Tuesday, December 7, 2010

Bathtime for baby(wool)

The Polwarth made it through plying,

and then winding into a skein prior to its first bath:

I should mention that while plying, I did a lot of cursing and dropping and untangling and trying not to remember that I have a spinning wheel in the closet upstairs I could very easily have used for almost no-fail spinning practice. I'm a little afraid of touching the spinning wheel this close to Christmas with so much still to do, if you know what I mean, and I think you do.

While I was indulging in all that mental and physical anguish, I was prepping some of the destash yarn my friend dropped off last month for possible sweater use:

I thought it could use some freshening up before it went to work.

Spinning is new enough to me that can count on one hand the number of times I've given yarn a bath for any reason, and I've never given two different varieties of wool a bath on the same day. It was interesting because:

in addition to the difference in feel (the purple is a little rough, while the Polworth is cotton-ball soft and pillowy, just the way it looks on the swift if my camera did a good enough job to show it)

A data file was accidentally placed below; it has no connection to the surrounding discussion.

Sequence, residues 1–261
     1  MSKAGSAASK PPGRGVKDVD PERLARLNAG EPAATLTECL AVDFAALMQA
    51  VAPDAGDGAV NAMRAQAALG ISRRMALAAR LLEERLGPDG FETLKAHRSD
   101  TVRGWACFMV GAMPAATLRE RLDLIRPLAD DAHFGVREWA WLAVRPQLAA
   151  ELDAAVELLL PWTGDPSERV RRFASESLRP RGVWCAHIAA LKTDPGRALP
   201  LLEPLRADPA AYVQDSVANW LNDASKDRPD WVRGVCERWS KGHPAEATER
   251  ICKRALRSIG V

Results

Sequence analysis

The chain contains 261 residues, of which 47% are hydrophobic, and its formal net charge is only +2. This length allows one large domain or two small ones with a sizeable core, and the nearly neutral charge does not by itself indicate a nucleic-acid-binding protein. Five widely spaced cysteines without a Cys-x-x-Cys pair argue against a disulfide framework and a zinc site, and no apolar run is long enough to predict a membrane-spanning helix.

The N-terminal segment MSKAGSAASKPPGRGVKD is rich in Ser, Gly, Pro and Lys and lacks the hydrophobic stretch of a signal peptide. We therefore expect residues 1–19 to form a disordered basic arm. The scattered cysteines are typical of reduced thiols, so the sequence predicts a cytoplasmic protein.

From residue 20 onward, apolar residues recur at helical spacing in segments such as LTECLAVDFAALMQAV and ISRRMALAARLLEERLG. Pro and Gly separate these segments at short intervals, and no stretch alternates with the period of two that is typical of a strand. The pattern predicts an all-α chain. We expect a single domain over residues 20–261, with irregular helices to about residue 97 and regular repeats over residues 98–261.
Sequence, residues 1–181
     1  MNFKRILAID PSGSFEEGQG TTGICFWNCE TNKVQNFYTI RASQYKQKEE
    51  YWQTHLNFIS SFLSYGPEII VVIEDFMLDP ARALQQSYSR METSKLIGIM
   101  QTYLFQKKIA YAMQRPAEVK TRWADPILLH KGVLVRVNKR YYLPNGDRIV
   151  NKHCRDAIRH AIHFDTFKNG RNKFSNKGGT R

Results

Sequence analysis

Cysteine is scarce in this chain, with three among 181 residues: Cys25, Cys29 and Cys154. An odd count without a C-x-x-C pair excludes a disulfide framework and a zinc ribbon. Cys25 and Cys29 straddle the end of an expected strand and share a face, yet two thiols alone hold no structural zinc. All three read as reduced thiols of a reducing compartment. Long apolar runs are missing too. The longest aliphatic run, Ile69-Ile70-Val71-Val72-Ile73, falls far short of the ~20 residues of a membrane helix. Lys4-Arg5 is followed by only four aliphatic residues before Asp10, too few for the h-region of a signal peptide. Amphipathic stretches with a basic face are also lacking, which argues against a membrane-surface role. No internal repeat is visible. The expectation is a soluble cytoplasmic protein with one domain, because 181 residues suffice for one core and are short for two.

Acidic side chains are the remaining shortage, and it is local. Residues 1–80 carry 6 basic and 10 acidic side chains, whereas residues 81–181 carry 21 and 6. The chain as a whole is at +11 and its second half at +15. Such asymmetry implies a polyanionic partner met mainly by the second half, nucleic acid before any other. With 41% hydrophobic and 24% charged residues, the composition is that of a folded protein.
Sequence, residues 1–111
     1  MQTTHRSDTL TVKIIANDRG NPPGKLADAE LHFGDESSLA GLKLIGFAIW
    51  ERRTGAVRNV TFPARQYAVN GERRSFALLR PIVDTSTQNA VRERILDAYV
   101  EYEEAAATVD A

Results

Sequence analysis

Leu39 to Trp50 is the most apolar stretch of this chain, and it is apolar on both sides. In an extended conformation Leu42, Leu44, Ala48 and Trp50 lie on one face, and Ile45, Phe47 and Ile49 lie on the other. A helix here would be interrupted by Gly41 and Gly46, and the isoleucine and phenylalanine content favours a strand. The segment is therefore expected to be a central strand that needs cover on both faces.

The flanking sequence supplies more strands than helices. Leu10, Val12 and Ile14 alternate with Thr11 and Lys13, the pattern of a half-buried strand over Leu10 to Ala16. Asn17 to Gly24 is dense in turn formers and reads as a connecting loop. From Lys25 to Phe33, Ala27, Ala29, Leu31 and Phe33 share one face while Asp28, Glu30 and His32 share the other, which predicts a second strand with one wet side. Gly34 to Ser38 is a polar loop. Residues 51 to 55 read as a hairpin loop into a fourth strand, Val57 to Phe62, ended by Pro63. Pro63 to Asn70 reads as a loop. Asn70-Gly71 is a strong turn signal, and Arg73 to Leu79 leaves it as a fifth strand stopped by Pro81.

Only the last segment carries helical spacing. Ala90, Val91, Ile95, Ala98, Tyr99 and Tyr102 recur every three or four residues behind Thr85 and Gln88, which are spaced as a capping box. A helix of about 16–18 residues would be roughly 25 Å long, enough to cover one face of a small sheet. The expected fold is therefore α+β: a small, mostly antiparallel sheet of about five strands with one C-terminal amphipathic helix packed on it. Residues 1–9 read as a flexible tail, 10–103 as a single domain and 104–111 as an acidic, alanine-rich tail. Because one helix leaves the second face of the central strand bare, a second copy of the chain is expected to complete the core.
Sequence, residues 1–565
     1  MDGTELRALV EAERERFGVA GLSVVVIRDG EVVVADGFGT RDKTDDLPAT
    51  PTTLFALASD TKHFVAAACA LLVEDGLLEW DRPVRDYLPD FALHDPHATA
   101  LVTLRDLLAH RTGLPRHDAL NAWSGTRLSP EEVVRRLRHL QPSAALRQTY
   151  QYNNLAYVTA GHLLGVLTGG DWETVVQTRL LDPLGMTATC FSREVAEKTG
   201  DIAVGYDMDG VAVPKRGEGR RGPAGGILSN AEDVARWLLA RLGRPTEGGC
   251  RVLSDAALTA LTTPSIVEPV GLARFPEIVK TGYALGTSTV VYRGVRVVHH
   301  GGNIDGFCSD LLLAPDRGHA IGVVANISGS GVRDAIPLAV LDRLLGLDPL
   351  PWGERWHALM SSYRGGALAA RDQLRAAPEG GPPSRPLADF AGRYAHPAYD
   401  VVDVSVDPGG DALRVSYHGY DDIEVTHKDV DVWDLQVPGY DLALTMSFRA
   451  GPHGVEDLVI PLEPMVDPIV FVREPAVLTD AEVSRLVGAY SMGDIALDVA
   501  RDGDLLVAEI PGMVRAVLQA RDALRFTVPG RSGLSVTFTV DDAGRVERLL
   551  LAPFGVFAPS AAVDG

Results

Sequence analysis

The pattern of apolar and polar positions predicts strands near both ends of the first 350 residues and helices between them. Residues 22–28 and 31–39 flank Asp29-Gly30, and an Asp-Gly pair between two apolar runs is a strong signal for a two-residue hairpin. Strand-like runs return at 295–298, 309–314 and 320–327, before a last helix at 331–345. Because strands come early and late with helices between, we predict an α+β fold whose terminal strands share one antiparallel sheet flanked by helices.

there was a marked difference in scent.

When wet, the purple smelled like wet wool always smells, and then some - strong to the point of Ew. But the Polworth smelled sweet, the way it did when I first opened the bag of fiber and the way it's smelled ever since. Being wet didn't change it at all. I found that weird, or at least unique in my experience of woolly behaviour.

I took my sniffer over to the bag of hand-dyed Polworth I bought in September and that fiber smells of dye, so I still don't know whether undyed Polworth is just really nice, or whether mine was perfumed in some way; I'm allergic to perfume though, and this isn't giving me headaches, so if it is perfume it's something very natural.

Not that I care much, really. I am just very excited for making the particular toy I have in mind out of such magical fiber as this, and for finding out whether knitting Polworth is as fabulous as spinning and hugging it.


heklica said...

I always smell yarn too :) No matter if it's wool or not. The strongest smelling yarn I've worked with is Kauni Effektgarn, I swear it still smells of sheep :) but I love it!

Kathleen Taylor said...

I love the smell of a raw fleece, so strong smelling yarn doesn't bother me, but there certainly is a difference.

When you're plying balls of yarn- you can put the yarn in a cup (if it's not a big ball), and thread the end over and around the handle and then up to your spindle for plying. That adds a bit of tension, and helps to keep the ball from jumping out and rolling across the floor.

(full disclosure- I didn't think that one up, I saw it in a video recently)

Karen said...

I actually love the smell of sheep; but I wonder whether the undyed Polwarth was less smelly because of the scouring agent used on it? (That's the stuff you use on raw fleece to get the ickies out.)